Graduation Date

Spring 2020

Document Type

Thesis

Program

Master of Science degree with a major in Biology

Committee Chair Name

Brian Tissot

Committee Chair Affiliation

HSU Faculty or Staff

Second Committee Member Name

Andre Buchheister

Second Committee Member Affiliation

HSU Faculty or Staff

Third Committee Member Name

Timothy Mulligan

Third Committee Member Affiliation

HSU Faculty or Staff

Fourth Committee Member Name

James Lindholm

Fourth Committee Member Affiliation

Community Member or Outside Professional

Subject Categories

Biology

Abstract

Accurate, spatially explicit models of rockfish abundance are critical in implementing ecosystem-based management strategies and designating essential fish habitats and marine protected areas. Multibeam bathymetry methods and visual, non-extractive submersible transect surveys were combined to collect environmental variables and fish abundance data at three distinct sites within the study region. Zero-adjusted models were developed using habitat classification analyses of high-resolution (5 m) digital elevation models. Model accuracies were assessed by using a reserved subset of the original datasets. To demonstrate that a model’s predictive power was linked to its spatial origins, Mean Absolute Error and coefficient of determination values were recorded when the site-trained model was used to predict that site’s own test data, and when it predicted species’ distribution at the two other sites whose training data were not used to inform the model. The habitat characteristics of importance to each species varied across sites, and model accuracies declined when applied to a site that differed in physical composition, suggesting a species will alter their habitat associations in accordance to the relative availability of preferred substrata and terrain.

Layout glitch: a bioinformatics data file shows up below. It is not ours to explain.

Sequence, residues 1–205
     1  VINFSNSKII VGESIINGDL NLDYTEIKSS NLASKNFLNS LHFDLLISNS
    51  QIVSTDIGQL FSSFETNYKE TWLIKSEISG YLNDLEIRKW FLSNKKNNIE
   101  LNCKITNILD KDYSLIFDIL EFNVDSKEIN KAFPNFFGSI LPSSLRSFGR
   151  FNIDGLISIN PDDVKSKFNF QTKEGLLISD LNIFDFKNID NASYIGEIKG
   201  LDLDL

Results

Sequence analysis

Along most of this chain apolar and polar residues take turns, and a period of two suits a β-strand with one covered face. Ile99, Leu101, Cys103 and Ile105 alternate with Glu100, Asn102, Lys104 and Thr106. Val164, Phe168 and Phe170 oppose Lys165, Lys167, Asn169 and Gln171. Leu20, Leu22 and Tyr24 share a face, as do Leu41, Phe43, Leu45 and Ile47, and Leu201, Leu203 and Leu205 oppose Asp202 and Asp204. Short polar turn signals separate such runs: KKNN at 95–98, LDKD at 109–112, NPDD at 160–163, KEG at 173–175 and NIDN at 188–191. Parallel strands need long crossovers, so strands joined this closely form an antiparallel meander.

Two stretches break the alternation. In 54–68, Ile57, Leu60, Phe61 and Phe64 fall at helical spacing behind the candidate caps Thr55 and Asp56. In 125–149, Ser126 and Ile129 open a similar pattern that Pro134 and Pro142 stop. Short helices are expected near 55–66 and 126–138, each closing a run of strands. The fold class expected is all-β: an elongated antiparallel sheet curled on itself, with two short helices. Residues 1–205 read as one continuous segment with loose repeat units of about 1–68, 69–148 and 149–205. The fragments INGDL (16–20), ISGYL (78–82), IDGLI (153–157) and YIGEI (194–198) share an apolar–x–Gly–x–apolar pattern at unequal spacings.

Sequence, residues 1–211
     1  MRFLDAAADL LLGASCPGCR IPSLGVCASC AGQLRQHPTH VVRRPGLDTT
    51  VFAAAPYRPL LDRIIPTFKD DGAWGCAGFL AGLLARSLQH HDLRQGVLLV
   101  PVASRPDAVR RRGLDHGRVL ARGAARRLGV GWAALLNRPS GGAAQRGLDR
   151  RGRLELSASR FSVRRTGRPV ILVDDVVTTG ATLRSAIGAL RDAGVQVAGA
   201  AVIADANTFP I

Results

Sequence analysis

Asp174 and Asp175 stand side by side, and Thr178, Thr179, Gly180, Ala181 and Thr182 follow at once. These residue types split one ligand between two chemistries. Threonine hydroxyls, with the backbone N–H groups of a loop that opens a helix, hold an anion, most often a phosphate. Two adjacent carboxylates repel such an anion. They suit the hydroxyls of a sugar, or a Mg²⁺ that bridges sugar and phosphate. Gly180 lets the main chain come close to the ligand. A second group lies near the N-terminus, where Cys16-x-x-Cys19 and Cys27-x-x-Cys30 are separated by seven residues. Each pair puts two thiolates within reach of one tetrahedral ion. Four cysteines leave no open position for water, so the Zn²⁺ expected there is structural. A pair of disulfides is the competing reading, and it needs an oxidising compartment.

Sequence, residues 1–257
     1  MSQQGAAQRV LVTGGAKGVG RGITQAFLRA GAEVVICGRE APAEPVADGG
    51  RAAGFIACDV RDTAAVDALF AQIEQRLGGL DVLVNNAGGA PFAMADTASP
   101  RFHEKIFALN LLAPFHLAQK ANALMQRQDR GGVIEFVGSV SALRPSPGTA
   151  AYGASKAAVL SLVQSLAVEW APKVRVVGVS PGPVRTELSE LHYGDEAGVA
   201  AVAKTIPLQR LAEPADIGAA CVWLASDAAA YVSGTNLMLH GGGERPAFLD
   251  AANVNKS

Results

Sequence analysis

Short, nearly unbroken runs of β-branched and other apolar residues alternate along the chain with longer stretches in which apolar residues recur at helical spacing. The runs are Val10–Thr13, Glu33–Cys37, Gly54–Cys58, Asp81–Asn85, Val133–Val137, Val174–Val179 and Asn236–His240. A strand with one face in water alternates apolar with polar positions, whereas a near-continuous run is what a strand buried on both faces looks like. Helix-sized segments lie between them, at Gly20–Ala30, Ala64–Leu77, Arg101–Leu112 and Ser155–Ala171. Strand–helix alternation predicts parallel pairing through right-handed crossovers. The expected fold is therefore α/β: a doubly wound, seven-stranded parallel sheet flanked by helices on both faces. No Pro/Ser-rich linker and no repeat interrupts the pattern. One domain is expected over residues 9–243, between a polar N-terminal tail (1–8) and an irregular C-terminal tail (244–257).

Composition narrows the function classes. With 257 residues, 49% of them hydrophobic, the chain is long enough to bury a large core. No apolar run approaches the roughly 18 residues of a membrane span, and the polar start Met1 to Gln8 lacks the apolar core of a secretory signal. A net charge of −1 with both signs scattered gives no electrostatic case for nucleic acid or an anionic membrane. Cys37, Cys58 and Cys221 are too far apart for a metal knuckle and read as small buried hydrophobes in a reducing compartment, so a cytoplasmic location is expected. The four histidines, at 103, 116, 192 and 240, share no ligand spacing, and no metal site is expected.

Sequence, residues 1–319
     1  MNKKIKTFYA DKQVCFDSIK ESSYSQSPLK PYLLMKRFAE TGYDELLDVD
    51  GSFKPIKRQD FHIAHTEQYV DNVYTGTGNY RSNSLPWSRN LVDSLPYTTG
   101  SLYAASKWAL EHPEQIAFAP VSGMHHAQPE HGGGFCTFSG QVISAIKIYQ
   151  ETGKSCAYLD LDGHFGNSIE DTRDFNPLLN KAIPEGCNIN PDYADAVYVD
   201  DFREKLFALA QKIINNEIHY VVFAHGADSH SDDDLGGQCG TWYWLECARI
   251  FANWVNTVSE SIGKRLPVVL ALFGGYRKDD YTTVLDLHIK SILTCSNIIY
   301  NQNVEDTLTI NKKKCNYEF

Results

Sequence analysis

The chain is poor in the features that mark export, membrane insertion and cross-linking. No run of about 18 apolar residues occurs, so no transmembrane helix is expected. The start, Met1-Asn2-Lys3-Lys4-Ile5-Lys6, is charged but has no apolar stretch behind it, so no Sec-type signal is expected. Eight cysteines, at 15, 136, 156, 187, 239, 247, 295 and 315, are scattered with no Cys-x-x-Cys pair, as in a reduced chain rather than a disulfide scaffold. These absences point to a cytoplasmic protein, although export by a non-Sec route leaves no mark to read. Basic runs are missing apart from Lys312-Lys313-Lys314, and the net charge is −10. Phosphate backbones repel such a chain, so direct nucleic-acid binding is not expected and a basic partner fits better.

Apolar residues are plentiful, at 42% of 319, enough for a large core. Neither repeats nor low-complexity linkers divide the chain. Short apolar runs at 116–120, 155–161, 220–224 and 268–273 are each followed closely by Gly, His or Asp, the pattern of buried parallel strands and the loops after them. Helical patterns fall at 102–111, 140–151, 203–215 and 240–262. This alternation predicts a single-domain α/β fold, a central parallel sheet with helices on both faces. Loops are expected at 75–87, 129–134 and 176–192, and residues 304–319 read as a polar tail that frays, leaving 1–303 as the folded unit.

Citation Style

APA

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